New this year (since the gadgets didn’t exist last year) were iPads, and boy were they everywhere! Kudos to the University of Ottawa in particular for the very stylish podium approach, encouraging students to enter their contact information right on the iPad which they could win. I captured similar contests from Trent and Lakehead, with opportunities to win Apple’s latest and greatest device. (I am a fanboy, I admit it.)
Somehow the laptops at the York University booth (and others) seemed downright quaint, even though they were a brand new approach just a couple of years ago. And Carleton is evidently striving for the low-tech, high-touch effect with a stack of paper forms and a box of branded pencils! (Memorable because it’s different, I guess…)
As in previous years, the Student Life Expo in the SkyWalk between Union Station and the MTCC was the site of a bustling collection of Ontario colleges and out-of-province universities, along with just a few corporate exhibitors (computers, cell phones and the like). Although the Student Life Expo is completely unrelated to the OUF, I really think it does a great service to prospective PSE students by bringing together even more of their choices as they contemplate university.
Most striking at this year’s Student Life Expo was a new, much larger and slicker exhibit for St Francis Xavier University. StFX went all out, with a custom-built backdrop, touchscreen monitors with an interactive virtual campus tour, and the giant foam “X ring” seen last year. StFX’s exhibit looked almost as large and professional as some of the university exhibits inside the MTCC.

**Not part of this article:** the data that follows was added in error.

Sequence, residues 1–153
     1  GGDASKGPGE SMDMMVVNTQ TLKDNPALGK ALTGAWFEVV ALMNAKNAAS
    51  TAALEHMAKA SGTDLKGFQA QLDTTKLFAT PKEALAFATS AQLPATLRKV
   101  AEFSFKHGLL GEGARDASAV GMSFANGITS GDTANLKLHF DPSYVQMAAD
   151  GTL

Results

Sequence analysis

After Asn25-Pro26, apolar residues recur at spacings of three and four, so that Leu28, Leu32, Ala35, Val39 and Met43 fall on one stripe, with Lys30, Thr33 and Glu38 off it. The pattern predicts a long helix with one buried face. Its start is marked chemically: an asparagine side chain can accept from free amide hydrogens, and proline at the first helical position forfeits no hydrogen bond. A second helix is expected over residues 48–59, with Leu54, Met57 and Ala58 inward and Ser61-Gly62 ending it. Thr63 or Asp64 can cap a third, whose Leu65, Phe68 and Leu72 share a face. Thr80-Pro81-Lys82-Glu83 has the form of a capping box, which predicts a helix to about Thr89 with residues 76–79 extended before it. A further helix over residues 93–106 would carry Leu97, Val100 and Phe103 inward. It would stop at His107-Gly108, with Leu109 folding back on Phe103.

Equally large, although not quite so flashy, was the University of Alberta exhibit. Also at the SLE for a second year, UofA (like StFX) evidently felt it was worthwhile returning and investing in a larger footprint booth. Other than COU, UofA was the only institution I saw handing out cloth book bags — so many students entered the MTCC carrying UofA bags.
Bishop’s University also returned to the SLE this year (along with plenty of other exhibitors I’m not mentioning here), but brought a slick new little viewbook (more about that in a future blog) and an interactive display. Students were encouraged to lift a pennant and potentially win a prize (at least I think that’s how it worked).
One new exhibitor at the SLE this year was Wilfrid Laurier University — which of course also had a booth inside the MTCC. In the SLE, WLU’s exhibit was focused specifically on promoting their centennial scholarships — 100 for 100 years. An entrepreneurial idea!
Although a number of Ontario colleges also exhibited at the SLE, I include here a pic of Mohawk College’s exhibit, featuring their brand-new visual identity.
And that’s about it for what I was able to capture with my iPhone camera at the 2010 OUF! Sorry for the picture quality — after the OUF I upgraded to the new iPhone 4, so my pics from the College Fair will be higher-resolution and have the benefit of the built-in flash.
What did you see at the 2010 OUF that I failed to mention? Please comment below…